Nationwide, tribal college and university leaders are concerned about how automatic federal budget cuts will affect their cash-strapped schools.
But officials at Oklahoma's tribal institutions expect the impact of the federal cuts to be minimal.
Carrie Billy, president of the American Indian Higher Education Consortium, said the cuts, commonly known as budget sequestration, could have dire consequences for American Indian tribal colleges, which already are operating on lean budgets.
Nationwide, Billy said, tribal colleges are operating on funding that is 30 to 50 percent lower than they need. Most tribal colleges rely heavily on federal dollars, she said, with up to half their funding coming from federal grants. When federal funds are cut further, critical services are put in jeopardy, she said.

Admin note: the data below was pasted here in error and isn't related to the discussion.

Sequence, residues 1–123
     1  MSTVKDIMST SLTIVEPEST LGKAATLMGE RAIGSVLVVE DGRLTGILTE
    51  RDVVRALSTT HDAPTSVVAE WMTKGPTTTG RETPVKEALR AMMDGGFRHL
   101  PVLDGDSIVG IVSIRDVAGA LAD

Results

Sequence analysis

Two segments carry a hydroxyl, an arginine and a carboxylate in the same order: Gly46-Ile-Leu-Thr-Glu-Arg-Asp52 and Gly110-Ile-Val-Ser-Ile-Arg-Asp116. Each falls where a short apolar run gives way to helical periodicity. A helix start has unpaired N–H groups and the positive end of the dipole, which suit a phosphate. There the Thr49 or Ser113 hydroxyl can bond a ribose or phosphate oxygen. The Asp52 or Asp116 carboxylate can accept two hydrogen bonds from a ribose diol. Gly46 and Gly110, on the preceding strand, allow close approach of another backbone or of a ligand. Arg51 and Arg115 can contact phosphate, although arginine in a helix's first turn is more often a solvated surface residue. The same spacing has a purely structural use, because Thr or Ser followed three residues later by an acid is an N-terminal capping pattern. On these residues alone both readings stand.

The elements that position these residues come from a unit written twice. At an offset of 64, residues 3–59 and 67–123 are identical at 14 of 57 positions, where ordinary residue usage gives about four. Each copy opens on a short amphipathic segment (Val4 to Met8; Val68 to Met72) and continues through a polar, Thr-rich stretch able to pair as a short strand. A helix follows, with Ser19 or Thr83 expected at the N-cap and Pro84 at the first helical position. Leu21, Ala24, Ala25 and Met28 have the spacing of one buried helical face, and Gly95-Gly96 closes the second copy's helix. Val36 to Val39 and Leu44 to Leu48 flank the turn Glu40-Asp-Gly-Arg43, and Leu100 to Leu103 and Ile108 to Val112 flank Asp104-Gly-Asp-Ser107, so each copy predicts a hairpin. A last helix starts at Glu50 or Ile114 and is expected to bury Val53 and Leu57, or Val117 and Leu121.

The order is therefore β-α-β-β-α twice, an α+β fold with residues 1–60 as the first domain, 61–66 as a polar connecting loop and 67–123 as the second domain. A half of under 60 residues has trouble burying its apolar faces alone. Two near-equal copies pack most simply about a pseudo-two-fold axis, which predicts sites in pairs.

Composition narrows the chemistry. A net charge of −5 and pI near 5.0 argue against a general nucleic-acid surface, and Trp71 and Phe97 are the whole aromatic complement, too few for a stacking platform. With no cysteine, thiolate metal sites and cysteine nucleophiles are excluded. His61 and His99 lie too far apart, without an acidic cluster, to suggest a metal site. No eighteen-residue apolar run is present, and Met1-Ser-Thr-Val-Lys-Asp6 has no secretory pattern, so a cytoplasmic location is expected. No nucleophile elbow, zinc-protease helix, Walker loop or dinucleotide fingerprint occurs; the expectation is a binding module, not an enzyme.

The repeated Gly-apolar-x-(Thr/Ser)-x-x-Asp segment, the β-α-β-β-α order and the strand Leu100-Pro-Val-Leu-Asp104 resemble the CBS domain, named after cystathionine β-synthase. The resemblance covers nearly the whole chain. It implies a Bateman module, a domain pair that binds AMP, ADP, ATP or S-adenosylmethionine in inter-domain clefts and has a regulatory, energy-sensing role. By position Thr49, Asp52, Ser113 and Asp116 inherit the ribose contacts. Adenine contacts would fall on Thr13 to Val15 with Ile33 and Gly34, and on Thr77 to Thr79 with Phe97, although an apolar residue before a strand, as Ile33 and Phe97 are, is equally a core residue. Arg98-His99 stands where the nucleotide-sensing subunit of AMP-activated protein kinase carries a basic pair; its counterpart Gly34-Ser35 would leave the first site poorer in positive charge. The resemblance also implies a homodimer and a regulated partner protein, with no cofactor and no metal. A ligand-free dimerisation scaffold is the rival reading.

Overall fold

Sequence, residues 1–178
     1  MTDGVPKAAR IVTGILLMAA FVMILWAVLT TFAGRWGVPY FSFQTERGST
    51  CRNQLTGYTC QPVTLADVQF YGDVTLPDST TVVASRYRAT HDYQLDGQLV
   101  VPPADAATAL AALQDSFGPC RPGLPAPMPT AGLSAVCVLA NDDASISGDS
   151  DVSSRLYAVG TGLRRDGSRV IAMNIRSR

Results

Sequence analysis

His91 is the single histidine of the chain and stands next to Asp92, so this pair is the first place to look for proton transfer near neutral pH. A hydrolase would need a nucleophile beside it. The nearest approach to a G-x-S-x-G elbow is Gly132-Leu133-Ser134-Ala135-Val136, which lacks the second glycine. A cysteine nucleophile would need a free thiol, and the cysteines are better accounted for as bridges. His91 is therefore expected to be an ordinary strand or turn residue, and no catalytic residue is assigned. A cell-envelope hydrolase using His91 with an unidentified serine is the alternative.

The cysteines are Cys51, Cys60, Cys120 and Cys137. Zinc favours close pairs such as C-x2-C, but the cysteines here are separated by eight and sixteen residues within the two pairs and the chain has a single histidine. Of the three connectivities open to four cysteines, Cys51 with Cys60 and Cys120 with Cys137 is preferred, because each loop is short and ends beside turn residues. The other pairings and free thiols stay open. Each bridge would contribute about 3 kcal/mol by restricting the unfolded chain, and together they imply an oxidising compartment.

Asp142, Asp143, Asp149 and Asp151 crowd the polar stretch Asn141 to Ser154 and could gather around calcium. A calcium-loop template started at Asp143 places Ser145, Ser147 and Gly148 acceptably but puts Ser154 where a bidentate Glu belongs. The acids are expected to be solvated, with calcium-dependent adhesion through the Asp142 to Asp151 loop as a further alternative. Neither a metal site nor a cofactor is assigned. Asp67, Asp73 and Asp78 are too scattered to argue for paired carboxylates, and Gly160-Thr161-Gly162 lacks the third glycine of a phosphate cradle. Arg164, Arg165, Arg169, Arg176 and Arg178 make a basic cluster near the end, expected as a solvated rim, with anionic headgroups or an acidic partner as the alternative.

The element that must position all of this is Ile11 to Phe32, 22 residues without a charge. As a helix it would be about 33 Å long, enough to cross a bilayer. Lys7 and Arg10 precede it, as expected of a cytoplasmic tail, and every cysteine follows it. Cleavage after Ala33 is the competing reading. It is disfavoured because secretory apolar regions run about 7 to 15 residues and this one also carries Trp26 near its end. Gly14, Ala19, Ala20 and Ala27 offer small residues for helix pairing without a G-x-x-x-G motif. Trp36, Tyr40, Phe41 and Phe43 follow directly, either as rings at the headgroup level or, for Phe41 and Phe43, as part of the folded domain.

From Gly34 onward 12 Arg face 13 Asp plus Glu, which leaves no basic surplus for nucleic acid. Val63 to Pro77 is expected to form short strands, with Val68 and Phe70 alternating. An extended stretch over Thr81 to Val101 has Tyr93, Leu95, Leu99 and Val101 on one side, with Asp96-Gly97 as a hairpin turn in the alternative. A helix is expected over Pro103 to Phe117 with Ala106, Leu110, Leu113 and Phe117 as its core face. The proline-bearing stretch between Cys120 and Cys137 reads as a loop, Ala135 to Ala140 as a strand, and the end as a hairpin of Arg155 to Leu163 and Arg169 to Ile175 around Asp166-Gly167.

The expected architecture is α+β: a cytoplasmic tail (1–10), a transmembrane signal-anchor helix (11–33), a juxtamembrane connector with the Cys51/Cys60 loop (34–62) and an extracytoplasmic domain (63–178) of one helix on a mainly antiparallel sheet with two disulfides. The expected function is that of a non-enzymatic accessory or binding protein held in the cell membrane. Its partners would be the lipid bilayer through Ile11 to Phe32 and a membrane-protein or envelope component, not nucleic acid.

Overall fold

“There's no fat to trim,” she said.
The role of tribal colleges is different from other colleges and universities, Billy said, as they generally offer GED preparatory courses in addition to degree programs. Tribal colleges often operate the only public library on American Indian reservations, she said.
Tribal colleges are key to economic development efforts on reservations, she said. In areas often plagued by unemployment and poverty, the colleges offer a path for students to make themselves more marketable.
“We need to get those people into the pipeline. They need to get GEDs and have work training programs available to them,” she said. “Particularly for the reservation-based Indians, there's really no place else for them to go.”